GE: How do you decide which editor to send a MS to?
BI: I meet with editors across the industry on a regular basis, as well as looking at the sorts of books they are publishing and the sort of feedback they have given me – both positive and negative – on previous submissions. I ask them what they are looking for (and then despair when I send it to them only to hear they are now looking for something else!) Some editors have a more conservative taste; some are edgier. Editors, of course, also move and identities of lists will then shift too. Some books will have a broader appeal; others will only ever appeal to a shorter list of editors, but may prove to be totally compelling to any, or all, of this smaller handful of people. It is my job to keep abreast of all this and, once again, to follow my gut as to where to submit first.
GE: So, the eternal question, what are you currently looking for?
BI: A massive international bestseller that will allow me to conquer the world! Seriously, am always interested in books that surprise me and keep me up under the covers with a torch long after bedtime. I love books that teach me about a place, time, person or group of people I knew nothing about. I have strong nostalgic feelings for the many books and writers that I adored as a child and would love to see these areas covered from a more contemporary perspective – step forward Willard Price, Robert Westall, Robert Swindells, The Hardy Boys, Nancy Drew, even. (Yes, I know those last two weren’t actually authors)
I love books that challenge my perceptions and world-view. Give me a writer who can draw characters I will laugh with, cry with and ultimately fall in love with and then is not afraid of being so cruel to them that I want to physically hurl their book across the room in frustration. I would love to find a writer who can do for their YA readership what some of my favourite writers for adults did for theirs. A YA Poisonwood Bible, A Fine Balance, Captain Corelli, Ghostwritten or Property. A book that features a complex and subtly drawn narrative structure would certainly appeal. As would multiple – and distinctive – voices, or a single unsympathetic and/or unreliable voice, in fact,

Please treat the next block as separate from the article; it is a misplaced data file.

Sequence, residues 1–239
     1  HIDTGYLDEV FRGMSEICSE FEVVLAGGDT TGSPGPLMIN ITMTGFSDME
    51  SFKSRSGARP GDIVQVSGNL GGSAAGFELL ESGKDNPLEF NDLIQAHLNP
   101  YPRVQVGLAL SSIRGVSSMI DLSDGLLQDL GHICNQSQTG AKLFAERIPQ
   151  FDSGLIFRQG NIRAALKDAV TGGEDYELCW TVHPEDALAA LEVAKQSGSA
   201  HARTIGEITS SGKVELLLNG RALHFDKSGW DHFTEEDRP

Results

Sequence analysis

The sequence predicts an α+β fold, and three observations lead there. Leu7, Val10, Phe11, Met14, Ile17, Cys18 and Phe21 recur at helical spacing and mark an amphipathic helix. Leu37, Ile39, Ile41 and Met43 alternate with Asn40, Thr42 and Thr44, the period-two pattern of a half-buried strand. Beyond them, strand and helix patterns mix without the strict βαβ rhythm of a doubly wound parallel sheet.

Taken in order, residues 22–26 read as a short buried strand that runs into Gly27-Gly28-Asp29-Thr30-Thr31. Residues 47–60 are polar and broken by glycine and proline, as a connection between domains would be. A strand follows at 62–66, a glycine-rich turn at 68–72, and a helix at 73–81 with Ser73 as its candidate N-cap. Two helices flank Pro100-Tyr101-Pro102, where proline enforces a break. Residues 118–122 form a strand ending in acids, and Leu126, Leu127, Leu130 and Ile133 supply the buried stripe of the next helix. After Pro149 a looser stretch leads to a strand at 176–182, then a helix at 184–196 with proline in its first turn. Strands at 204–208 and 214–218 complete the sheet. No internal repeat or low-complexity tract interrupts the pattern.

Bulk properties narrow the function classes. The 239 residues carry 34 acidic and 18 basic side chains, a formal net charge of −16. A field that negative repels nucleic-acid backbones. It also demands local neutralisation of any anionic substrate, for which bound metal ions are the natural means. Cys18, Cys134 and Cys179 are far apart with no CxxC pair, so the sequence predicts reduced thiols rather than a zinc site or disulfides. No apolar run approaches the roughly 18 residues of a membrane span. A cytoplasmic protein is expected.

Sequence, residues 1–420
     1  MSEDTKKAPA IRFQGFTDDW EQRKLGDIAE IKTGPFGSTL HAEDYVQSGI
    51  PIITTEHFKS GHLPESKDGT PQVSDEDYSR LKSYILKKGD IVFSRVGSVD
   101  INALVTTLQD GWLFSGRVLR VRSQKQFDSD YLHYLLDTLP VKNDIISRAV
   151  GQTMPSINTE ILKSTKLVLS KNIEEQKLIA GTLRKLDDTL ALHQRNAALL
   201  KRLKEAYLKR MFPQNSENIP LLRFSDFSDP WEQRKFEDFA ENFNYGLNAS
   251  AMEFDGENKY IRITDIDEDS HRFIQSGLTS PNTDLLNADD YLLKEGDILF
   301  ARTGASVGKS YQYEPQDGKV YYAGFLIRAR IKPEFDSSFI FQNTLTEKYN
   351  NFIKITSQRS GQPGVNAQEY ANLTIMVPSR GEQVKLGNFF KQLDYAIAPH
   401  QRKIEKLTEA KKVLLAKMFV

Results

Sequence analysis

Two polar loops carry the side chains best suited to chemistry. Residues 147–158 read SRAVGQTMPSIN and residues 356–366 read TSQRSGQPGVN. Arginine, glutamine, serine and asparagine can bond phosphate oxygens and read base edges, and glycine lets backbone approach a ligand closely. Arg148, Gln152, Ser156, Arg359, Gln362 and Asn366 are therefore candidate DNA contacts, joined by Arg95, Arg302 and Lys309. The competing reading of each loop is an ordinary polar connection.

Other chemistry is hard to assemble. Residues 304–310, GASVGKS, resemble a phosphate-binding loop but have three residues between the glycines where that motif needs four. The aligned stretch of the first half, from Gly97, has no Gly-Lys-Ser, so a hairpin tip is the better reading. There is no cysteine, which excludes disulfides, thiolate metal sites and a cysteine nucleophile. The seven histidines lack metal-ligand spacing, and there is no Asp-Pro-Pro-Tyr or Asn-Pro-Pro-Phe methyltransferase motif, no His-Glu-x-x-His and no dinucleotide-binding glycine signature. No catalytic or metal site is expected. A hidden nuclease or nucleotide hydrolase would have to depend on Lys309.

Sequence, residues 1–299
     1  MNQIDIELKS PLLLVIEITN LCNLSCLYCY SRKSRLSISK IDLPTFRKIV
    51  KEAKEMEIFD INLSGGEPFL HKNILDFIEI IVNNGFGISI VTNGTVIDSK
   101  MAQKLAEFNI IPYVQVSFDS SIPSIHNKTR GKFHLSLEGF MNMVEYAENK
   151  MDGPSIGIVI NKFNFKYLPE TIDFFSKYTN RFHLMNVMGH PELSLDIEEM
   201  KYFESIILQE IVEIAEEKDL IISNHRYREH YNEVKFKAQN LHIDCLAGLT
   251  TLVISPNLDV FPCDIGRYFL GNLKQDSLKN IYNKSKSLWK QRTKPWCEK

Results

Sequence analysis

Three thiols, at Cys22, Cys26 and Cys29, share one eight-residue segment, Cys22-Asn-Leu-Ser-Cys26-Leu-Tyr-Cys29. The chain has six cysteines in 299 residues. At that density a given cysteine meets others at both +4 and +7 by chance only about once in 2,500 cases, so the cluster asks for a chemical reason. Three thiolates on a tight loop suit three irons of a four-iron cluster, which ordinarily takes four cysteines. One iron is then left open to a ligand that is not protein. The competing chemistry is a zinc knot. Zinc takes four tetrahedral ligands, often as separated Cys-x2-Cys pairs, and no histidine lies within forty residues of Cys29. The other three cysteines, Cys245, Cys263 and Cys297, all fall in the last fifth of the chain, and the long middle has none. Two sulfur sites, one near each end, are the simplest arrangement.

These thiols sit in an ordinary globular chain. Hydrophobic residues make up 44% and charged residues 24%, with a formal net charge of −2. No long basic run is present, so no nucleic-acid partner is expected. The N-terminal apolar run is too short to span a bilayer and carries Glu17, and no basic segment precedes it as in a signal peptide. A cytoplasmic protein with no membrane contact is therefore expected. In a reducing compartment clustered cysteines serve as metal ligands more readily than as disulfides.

In terms of genre, I feel we are moving towards real people, real lives. I’d love a YA book that explores gender identity and sexuality with tact and sympathy; or one that humanizes some great political story of our time. I’d love an unusual setting for some good old-fashioned star-crossed lovers to act out a very real and frank romance. I’d dearly love to find an amazing whodunit with an original voice in its detective. I would love to find a good science fiction that is not too far rooted in deep space and is accessible, exciting and credible and as appealing to a female readership as it might be to a male one. Truly funny middle-grade humour, especially for girls, is in fairly short supply just now. As is genuinely exciting adventure, perhaps involving codes, patterns and symbols, as well as a very real threat. Despite the move towards real world settings, I’m always a sucker for a convincingly built epic fantasy, or an original re-working of myth and folkloric legend, a truly disturbing horror, or a genuinely spine-chilling ghost story. That said, the next big thing I discover will likely be something I didn’t even know I was looking for. Go on. Surprise me!
Check out his website: www.the-bia.com